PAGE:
"Management is an art of getting things done through people." Do you think this definition is adequate for the present-day concept of management?
In some ways, this statement is true. Successful management entails the recruitment, training, and supervision of individuals chosen for tasks specifically tailored toward company goals, so in this respect, interpersonal interaction is very important as a means of maintaining efficiency and cohesion within a modern marketplace that is constantly evolving to suit increasingly specific consumer demands. However, given recent technological advances in the business sector, business has become more and more depersonalized, thereby reducing the need for highly developed interpersonal skills within the workplace. Before computers, tasks were organized and carried out person to person, with very few intermediaries to facilitate these demands. Now, in the age of Big Data, it has become more and more necessary to acquire skills related to the management of computer software (Microsoft Excel) rather than skills relating to the management of people. So, while it is true that successful management still entails working well with others, it has become more and more important to get things done through the successful integration and mastery of technological advances that surface constantly within a continuously evolving economy.
The only way in which I would disagree with the statement is to say that you should include "science" in your statement. In other words, management is the art and science of...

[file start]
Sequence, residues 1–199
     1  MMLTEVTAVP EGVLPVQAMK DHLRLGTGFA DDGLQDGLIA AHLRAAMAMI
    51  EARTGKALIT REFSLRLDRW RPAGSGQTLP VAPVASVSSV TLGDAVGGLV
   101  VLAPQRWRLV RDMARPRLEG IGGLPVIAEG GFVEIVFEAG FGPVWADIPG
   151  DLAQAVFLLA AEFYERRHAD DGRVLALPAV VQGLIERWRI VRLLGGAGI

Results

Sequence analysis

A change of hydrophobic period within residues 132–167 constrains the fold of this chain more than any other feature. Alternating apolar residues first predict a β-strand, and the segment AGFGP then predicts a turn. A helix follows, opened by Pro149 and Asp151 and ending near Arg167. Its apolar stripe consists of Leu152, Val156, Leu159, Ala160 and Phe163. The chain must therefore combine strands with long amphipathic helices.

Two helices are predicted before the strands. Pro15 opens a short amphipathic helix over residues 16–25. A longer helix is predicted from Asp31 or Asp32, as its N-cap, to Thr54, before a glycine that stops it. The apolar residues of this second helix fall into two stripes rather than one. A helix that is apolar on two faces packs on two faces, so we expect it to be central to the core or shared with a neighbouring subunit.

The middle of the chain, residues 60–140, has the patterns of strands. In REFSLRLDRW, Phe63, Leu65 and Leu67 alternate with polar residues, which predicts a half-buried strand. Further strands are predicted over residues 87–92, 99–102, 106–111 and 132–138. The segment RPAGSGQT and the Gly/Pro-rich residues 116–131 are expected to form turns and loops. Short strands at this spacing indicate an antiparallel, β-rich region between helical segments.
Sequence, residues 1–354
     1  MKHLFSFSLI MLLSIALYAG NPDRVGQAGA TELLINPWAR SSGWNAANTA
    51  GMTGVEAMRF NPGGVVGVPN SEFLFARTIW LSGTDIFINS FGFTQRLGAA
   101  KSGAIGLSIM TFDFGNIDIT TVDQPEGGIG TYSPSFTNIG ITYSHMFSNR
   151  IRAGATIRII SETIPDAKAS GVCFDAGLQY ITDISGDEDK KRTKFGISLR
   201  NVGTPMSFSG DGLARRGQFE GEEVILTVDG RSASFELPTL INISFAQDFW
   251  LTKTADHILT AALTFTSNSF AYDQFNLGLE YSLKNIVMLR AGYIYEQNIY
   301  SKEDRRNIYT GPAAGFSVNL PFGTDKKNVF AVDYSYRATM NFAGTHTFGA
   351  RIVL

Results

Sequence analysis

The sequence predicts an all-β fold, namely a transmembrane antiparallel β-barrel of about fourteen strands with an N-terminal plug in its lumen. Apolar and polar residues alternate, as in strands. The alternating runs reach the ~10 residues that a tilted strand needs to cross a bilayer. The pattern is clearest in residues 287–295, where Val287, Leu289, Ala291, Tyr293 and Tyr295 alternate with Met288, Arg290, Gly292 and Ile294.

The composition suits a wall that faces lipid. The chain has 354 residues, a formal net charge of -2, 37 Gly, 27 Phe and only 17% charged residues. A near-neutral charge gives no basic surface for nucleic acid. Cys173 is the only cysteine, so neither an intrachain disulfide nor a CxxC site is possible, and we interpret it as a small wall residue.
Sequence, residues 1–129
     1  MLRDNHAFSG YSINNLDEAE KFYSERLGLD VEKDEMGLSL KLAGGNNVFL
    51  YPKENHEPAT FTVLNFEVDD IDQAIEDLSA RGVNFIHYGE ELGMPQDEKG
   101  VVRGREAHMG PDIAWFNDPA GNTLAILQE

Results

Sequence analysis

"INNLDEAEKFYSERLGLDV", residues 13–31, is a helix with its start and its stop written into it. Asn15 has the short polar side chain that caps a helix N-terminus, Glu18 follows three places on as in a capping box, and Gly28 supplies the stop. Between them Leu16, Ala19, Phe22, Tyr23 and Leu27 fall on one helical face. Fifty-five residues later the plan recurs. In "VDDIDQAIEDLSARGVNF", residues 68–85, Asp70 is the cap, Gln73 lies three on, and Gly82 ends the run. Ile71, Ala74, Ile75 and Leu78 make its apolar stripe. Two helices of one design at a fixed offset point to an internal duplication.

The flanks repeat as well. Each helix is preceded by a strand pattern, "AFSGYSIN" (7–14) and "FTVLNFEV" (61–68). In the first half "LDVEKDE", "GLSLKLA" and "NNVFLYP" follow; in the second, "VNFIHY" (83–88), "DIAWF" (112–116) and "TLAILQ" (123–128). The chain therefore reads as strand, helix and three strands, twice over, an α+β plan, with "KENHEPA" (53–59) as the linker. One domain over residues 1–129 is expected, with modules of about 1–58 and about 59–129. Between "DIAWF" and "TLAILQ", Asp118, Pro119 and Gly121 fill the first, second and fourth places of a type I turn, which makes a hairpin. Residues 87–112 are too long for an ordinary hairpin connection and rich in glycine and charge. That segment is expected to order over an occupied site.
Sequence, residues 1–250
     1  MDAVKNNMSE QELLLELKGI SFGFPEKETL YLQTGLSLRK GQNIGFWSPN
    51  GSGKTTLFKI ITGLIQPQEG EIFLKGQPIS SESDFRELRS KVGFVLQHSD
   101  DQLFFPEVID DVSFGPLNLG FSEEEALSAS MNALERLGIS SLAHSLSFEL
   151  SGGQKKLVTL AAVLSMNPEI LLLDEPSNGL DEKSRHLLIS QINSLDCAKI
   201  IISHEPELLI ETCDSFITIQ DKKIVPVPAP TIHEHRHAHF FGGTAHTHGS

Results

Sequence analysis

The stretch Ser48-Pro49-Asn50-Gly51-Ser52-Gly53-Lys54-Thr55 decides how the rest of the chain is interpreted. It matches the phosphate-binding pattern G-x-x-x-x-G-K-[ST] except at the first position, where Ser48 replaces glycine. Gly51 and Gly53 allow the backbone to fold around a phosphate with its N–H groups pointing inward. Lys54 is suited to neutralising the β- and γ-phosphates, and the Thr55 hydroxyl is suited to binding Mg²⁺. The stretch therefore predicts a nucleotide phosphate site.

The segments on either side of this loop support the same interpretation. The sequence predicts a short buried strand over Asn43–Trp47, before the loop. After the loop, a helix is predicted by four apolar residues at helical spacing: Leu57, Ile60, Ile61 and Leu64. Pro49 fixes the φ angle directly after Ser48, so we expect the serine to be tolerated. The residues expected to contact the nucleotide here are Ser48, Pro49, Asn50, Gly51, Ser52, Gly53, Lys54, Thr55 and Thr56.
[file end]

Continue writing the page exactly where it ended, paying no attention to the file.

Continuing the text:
Management has always included some amount of science, or at least it has ever since Taylor's Scientific Management movement over 100 years ago. Science is needed in the planning of the activities that the manager will have the people do. This is becoming ever more important as competition gets fiercer and supply chains and such become more complex and international.
While dealing with people is an art, there is also a great deal of science involved in making sure a firm is trying to get those people to do the right things in the right ways.
I agree that this statement is true. A good "manager" is able to organize. There is always a goal to be reached and it is the job of the person in charge to make sure that this goal is met. This would mean providing feedback, setting examples, providing excellent organization skills and organizing and delegating tasks in order to reach the desired outcome.
Effective managers also need to earn respect. This can be achieved by exhibiting a positive character and having strong interpersonal skills. Another way to earn respect is by listening. Many ineffective managers simply do not listen to what others have to say.
Getting the best output from people for meeting organizational goals, and making them work effectively as a team, is a very important aspect of management. However,management is much more than just managing people. It is also managing work. This means deciding what objectives to be pursued by the organization, determining the tasks to be performed for achievement of those objectives, and finally ensuring that those tasks are performed effectively and efficiently. The definition of management as "art of getting things done through people" fails to take note of these important functions of management and therefor cannot be considered adequate.